of the Church, it was more common for any given pope to be a
saint than not. But in the second millenium, that changed, so
that it has been more common for a pope to NOT be a saint
since the year A.D. 1000. This seems to have been reflected in
the longstanding tradition that popes of the second millenium
have taken names only from among prior popes of the first
millenium. We have not had any popes-the-first whoever since
Then came John-Paul I. At the time, it was quite daring for him
to do that, and it caused a lot of raised eyebrows. But he didn't
last so long, for a number of reasons, not the least of which was
that he was about to do a Vatican Bank shake-down.
So he was "replaced" with another Liberal, only one who was
rather accomplished at ACTING, inasmuch as he was aware of
how to go about believing one thing and all the while pretending
to believe something quite inimical to that. (The inimical thing
was, of course, the Traditional Catholic Faith).
And now we're facing the ominous fact that this imposter of
duplicity is about to be so-called canonized.
Not only that, but all of his buddies-in-arms are slated for the
same conspicuous abomination of desolation,
"he that readeth
let him understand" (Matt. xxiv. 15).
Remember how this started: It was headline news in about the
year 2000 when JPII announced the imminent beatification of
first, Pope Pius IX of happy memory. But then, in the same
announcement was that following on his coat-tails was to be
the alarming so-called beatification of John XXIII.
(Parenthetically, it was actually uncharacteristic of JPII to be so
methodical in his judgments, for he was prone to merely
proclaim something by fiat, and fully expected it to be taken as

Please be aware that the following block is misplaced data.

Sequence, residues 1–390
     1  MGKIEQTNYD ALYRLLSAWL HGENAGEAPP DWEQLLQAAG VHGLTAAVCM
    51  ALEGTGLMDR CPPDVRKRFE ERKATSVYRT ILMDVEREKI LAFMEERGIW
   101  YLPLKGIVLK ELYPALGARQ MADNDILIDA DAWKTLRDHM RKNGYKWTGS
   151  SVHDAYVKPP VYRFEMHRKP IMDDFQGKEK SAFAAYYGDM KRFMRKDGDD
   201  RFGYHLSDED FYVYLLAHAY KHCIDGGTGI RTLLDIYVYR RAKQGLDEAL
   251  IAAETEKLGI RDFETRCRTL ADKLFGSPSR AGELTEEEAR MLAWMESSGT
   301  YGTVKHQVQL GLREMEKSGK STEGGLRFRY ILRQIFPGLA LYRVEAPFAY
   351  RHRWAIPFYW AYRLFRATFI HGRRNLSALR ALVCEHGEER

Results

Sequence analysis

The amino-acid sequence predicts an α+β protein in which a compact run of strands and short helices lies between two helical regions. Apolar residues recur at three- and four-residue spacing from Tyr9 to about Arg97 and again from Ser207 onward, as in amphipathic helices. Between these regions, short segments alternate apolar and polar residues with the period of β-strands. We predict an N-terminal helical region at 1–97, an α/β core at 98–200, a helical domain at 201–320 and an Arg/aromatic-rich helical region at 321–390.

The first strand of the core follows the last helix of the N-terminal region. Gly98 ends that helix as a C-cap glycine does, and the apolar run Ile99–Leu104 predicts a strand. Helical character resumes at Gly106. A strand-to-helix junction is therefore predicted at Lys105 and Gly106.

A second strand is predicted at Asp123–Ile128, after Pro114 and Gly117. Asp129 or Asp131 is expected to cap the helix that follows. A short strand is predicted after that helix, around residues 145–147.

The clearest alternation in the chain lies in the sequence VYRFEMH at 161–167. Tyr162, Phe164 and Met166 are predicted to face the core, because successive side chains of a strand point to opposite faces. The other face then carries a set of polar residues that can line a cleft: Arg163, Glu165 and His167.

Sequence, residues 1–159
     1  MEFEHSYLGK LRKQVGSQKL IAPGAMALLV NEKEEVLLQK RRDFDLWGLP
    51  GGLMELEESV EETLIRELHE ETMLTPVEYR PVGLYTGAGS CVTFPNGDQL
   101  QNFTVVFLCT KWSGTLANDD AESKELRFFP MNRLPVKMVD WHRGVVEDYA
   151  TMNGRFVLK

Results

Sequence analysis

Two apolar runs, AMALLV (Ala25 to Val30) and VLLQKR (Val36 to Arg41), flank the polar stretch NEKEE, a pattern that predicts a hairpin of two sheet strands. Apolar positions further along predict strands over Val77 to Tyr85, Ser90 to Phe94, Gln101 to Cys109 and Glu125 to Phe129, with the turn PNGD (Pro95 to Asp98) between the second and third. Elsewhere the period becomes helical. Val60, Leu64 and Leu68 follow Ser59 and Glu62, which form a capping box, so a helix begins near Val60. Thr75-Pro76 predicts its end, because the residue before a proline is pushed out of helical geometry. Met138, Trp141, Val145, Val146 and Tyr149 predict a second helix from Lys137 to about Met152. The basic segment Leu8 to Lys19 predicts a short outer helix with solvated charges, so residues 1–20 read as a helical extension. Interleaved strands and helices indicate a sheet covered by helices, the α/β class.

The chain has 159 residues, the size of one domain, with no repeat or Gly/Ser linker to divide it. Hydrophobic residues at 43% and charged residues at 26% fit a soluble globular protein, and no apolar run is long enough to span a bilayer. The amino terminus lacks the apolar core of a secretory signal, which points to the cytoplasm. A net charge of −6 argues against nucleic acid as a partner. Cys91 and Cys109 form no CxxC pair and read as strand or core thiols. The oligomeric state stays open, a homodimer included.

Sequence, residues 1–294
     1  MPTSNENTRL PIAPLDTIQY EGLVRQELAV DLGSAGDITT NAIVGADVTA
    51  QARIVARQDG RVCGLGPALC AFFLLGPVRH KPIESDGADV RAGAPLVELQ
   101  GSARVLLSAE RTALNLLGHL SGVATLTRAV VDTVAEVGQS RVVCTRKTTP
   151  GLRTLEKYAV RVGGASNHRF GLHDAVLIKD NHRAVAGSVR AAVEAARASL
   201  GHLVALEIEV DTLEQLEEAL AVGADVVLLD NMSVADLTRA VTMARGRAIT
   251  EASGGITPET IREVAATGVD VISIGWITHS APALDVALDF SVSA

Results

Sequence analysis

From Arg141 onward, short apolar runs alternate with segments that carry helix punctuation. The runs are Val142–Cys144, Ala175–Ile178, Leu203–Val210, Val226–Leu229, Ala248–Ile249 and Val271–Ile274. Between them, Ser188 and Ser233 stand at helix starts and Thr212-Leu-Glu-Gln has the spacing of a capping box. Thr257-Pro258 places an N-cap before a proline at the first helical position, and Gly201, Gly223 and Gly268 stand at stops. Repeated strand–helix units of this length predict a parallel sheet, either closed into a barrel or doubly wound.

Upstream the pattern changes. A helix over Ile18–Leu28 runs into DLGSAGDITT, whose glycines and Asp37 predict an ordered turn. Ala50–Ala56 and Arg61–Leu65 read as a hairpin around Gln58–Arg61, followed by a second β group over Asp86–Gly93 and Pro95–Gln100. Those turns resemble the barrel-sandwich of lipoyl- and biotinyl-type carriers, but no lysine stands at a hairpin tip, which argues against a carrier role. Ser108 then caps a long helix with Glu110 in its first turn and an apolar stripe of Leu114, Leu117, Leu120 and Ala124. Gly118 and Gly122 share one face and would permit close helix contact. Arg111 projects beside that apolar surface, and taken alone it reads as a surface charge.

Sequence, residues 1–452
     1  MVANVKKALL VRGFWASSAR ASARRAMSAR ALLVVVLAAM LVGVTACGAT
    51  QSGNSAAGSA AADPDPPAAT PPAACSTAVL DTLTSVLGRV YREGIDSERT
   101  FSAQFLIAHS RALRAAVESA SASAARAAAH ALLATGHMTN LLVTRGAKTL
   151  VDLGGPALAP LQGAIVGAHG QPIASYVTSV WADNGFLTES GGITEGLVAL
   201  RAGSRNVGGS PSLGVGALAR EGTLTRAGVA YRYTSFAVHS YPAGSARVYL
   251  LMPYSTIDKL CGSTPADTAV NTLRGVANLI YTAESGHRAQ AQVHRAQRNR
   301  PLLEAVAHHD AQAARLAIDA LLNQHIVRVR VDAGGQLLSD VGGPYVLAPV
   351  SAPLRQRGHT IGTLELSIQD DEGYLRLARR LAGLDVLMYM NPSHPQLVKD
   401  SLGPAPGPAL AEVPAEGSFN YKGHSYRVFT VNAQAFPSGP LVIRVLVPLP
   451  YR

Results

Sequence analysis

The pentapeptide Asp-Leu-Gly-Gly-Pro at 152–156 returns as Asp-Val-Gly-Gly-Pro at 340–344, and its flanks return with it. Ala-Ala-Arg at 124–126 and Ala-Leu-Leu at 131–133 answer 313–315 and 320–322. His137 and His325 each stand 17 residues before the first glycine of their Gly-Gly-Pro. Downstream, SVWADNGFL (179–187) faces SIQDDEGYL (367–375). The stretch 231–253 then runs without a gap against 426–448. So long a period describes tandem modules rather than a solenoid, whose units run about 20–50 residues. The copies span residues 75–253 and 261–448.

such. He was riding in a car, for example, passing a prominent
church in the New York area, or Maryland approximately, when
his the priest sitting next to him mentioned that it is thought
that this church ought to be a Cathedral. JPII said "And so it is."
The priest replied, "Well, your Holiness, it would take some
doing, a lot of preliminary work and putting things in order,
before we could say that..." and the Pope interrupted him,
saying, "You were not paying attention! I said it is a Cathedral
and therefore, it is just that: a Cathedral." I have heard it
argued that JPII made a dogmatic definition protected by
papal infallibility when he said that women cannot be ordained
priests. But it was not touted as such at the time, officially.
Then later, B16 explained in some offhand comment, that that
had not been infallible because JPII had not had the INTENTION
of making it infallible. Everything else was in place, but that one
essential component was missing, therefore, it was not
Stories were immediately circulated at that time regarding the
exhumation of Pope John's remains when they had found his
body to be FACE DOWN inside the casket. Put that together
with the claim that he had muttered "Stop the Council! Stop
the Council!" before he died, and it would seem that the
persistence of Vat.II may have caused him to be "turning over
in his grave."
If JPII was good at anything, it was sleight-of-hand tricks in the
media. It should not be too surprising that he greatly admired
clowns, perhaps because he was never able to be one himself.
You've either got it or you don't.
I am thinking about the death of a true clown, Stanley Laurel (of
Laurel and Hardy fame). He was very gifted at bringing a smile
to the faces of millions of fans, all at once, a talent he maintained
to the bitter end, literally. For when he was very close to death,
he was quoted uttering perhaps his most enduring words of all: "If any of you cry at my funeral, I'll never speak to you again."